@iwarshak thanks for creating this issue. Right now we are in the process of migrating Ruby/Rails application to Elixir/Phoenix (with Ecto of course). We are also having a similar problem and it's very serious in our use case. In every resource we have a querable named visible_by that is responsible for access control and we use it everywhere we are getting data from Repo to avoid any data leakage . Pseudo code below:

def visible_by(query, current_admin) do
   case current_admin.role do
      "role_1" ->
        query
        |> join(:inner, [o], p in assoc(o, :placements))
        |> where([_, p], p.admin_id == ^current_admin.id)
      "role_2" ->
        query
        |> join(:inner, [o], p in assoc(o, :placements))
        |> join(:inner, [_, p], a in assoc(p, :assignments))
        |> where([_, _, a], a.admin_id == ^current_admin.id)
      _ ->
        query
    end
end

Currently this querable is useless since it's impossible to compose it because we don't know how many joins there are:

Offer 
|> Offer.visible_by(current_admin) 
|> join(:inner, [o], p in assoc(o, :placements))
|> where([_, p], p.followed == true)

We can go back to doing access control in every query manually but using visible_by is very elegant and avoids data leakage in case someone forgets to add a join.

I know we can do it like that but we have double joins if "role_1" or "role_2" and I'm not a big fan of "from" when we use a lot of composable queries .

query = Offer |> Offer.visible_by(current_admin) 

query =
   from o in query,
   join: p in assoc(o, :placements),
   where: p.followed == true

I like the idea proposed by @teamon, ActiveRecord works like that and is useful in most of the cases:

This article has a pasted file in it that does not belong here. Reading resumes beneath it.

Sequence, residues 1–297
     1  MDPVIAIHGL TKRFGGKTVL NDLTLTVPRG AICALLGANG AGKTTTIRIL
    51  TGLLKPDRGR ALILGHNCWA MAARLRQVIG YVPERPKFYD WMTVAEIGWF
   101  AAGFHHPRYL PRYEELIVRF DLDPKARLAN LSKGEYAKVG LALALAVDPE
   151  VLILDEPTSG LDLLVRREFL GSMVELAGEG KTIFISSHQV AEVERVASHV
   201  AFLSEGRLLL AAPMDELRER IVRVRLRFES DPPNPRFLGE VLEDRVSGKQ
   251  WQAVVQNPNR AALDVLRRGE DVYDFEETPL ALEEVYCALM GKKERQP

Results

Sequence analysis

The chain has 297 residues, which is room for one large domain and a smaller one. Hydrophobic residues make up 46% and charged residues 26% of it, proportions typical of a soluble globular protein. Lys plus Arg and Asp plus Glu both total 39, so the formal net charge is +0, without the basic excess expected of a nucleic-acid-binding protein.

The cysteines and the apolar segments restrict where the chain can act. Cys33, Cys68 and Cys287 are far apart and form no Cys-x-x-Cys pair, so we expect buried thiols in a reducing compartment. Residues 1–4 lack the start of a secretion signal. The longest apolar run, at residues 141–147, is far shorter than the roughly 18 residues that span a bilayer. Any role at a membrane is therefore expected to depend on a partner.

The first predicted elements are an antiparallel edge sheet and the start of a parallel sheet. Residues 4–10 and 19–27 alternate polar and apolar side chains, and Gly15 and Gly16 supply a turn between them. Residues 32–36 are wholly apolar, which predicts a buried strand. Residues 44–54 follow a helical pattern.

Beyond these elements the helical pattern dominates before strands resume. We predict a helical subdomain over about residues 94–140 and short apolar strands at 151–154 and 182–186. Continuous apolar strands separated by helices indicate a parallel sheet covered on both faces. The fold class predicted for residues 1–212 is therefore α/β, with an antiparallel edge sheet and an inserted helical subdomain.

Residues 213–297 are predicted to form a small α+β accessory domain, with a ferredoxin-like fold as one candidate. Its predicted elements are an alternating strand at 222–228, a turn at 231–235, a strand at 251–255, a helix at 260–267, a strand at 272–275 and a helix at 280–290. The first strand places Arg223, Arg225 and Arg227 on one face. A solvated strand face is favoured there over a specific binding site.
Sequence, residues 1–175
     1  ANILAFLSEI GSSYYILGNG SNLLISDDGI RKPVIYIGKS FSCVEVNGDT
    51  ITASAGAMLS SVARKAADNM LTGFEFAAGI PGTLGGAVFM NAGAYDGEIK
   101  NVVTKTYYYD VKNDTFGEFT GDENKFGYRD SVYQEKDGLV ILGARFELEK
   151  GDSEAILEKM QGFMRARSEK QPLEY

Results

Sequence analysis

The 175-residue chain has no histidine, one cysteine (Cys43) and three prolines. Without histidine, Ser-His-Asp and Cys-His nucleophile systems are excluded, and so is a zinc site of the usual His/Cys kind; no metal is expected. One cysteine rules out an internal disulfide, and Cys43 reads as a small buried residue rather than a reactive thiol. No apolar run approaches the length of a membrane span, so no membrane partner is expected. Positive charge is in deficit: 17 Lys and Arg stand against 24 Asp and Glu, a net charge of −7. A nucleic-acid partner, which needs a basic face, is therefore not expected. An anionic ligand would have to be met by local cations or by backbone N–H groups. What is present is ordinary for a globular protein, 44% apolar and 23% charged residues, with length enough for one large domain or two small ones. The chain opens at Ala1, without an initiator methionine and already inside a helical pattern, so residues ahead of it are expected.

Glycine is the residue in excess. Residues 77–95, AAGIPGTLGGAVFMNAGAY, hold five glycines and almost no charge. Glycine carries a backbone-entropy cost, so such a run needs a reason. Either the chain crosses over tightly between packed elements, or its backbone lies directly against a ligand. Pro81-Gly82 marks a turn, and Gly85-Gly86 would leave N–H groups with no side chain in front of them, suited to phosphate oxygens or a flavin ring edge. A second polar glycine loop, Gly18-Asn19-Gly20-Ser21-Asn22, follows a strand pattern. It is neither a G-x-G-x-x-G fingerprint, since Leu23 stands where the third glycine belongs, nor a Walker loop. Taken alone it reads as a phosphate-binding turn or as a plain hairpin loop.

Post
|> join(:inner, [p], c in assoc(p, :comments))
|> join(:inner, [_, c], a in assoc(c, :authors))
|> where(%{comments: c}, c.id > 5)

or

|> where([comments: c], c.id > 5)

@michalmuskala I wouldn't be worried about backwards compatibility since this can be only an alternative syntax. If you need multiple joins on the same table you can use normal bindings (it's not that common to use multiple joins on the same table).

What do you think @josevalim @michalmuskala @parkerl? If you think it makes sense we can dedicate some resources, try to write it and make pull request.

Another possible solution would be to set visible_by as subquery if it is using any join(). That way it would be composable and we could join on it without any issues. It won't be as performant but maybe DB planner will optimize it.

UPDATE:

We went with subqueries approach. This seems to be the best approach in this use case without complicating the code.

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josevalim commented Sep 7, 2016

I think using the names is a sensible idea although we will need to raise if you attempt to use duplicates.

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michalmuskala commented Sep 7, 2016

I was thinking about this as well, and I see how we could use the names. Instead of table names, I would rather use the names given in bindings, e.g. x when you do join: x in Foo. Storing those in a map instead of a list would allow us to easily pattern match the bindings. If we additionally record the names in a list we would be able to convert list-style bindings into map style ones.

The only problem is what you already mentioned, @josevalim, duplicate bindings (as in binding name, not table/column) would need to raise. This is not backwards-compatible, I think it would be fine to break this. Potentially by introducing a warning in a pre-release and checking how many people would complain.

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josevalim commented Sep 7, 2016

@michalmuskala we can raise only if the named binding is used. :)

@josevalim josevalim added this to the v2.1 milestone Sep 7, 2016

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teamon commented Sep 7, 2016

@michalmuskala I'm not sure if I got it correctly but:

def with_date(query, date), do: query |> where(%{c: c}, c.date == date)

query
|> joins(:inner, [p], x in assoc(p, :comments) # note the x
|> with_date(today)

this would not match (x vs c) right? With that in mind I think table names work better.